John J. Clayton
“Here are powerful stories of urban life in American, of life often enough among Jews who carry their exile and their wilderness within them. The prose is powerful, an impressive mixture of sinuous sentences—which one reads as if one overhears thoughts. All of these characters are bruised. They are often enough triumphant, though, even if locked into mortal flesh, because they have an astonishing belief in the spirit. . . . The title story is brave, often brilliant, dangerous, and victorious. This is a book about victories—of the soul, and of our language.” —Frederick Busch, author of Girls: A Novel.
“An easy bet for one of the years 10 best collections . . . Clayton risks sentimentality but the risk is exhilarating. . . . The compromise between divine presence and worldly distractions gives Clayton’s decalogue a suspense, sadness and irony rare in contemporary fiction.” —Publishers Weekly
“Coping with loss takes the form of a sort of magic realist device in which people see and feel beyond their senses, becoming aware of a larger presence that may be understood as having a religious significance. . . . Clayton’s best [stories] have a poignance that comes from an intense sensitivity to the quiet suffering that most often goes unexpressed in the rush of daily life.” —Kirkus Reviews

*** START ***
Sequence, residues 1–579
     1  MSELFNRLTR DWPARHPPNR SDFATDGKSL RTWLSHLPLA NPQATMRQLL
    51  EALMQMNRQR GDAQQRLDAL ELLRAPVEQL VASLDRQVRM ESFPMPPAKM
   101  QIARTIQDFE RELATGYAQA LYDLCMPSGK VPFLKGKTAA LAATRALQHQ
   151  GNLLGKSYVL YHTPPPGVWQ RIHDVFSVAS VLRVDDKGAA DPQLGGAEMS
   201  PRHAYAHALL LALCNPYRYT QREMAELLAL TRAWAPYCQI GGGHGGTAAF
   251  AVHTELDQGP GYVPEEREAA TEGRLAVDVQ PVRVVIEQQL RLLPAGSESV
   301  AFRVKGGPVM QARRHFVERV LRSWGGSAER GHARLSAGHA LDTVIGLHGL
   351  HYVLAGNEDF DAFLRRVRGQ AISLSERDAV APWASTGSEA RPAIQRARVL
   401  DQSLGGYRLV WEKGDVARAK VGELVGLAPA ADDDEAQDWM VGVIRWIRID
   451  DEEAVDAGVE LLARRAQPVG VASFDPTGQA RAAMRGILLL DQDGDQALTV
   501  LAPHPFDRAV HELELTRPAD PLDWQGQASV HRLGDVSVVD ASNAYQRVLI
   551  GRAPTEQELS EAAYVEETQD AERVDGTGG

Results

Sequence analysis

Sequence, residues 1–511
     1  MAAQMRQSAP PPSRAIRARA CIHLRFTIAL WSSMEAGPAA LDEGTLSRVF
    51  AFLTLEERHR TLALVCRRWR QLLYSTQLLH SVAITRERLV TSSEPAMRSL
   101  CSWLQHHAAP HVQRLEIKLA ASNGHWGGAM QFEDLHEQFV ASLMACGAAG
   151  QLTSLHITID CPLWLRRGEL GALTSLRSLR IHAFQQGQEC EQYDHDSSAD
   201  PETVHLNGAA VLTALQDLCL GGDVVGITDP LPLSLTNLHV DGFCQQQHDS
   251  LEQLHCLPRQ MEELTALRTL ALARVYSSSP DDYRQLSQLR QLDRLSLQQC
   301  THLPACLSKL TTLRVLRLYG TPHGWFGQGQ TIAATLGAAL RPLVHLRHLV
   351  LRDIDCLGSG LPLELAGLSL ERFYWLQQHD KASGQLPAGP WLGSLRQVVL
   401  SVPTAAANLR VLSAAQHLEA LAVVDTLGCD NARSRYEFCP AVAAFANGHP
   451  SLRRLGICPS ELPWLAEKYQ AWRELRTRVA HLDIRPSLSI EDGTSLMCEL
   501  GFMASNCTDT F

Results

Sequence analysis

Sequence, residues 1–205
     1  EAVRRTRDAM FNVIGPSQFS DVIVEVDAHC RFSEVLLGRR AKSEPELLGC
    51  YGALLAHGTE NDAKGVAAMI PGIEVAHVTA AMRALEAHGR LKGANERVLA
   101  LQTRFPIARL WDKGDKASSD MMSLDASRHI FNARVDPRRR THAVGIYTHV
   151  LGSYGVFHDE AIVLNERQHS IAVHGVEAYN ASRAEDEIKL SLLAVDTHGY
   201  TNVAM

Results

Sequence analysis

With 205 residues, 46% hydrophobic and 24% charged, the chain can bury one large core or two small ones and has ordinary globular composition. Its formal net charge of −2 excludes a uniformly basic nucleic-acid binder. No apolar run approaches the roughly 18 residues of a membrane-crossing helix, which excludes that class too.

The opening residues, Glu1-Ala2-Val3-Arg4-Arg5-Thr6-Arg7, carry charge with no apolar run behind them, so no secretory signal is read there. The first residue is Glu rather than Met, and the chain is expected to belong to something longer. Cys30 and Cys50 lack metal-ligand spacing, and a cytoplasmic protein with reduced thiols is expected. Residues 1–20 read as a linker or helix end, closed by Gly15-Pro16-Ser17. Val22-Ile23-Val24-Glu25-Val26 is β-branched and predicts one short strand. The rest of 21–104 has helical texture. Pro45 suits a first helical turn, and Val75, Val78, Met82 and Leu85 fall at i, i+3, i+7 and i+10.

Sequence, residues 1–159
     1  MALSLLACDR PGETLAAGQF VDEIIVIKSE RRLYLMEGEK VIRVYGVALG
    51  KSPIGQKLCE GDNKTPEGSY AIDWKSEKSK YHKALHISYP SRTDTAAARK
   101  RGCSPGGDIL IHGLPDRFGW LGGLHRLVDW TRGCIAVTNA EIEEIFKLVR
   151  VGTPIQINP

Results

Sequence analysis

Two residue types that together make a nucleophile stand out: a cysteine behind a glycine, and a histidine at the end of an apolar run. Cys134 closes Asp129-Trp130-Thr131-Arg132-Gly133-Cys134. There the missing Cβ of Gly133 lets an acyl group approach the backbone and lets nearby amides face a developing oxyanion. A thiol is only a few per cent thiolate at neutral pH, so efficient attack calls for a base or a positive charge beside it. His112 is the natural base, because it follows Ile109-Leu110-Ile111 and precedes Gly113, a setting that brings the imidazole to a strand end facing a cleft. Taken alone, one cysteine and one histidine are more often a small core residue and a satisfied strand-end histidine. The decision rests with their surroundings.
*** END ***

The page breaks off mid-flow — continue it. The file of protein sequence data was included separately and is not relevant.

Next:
John J. Clayton is a professor of English at the University of Massachusetts
and the author of Gestures of Healing: Anxiety and the Modern Novel
and Bodies of the Rich. His stories have appeared in such journals
as Fiction and Virginia Quarterly Review. Three of the stories in
this collection appear here for the first time.
ix, 194 pp. 5 ½ x 8 ½
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|The Ohio State University Prize in Short Fiction|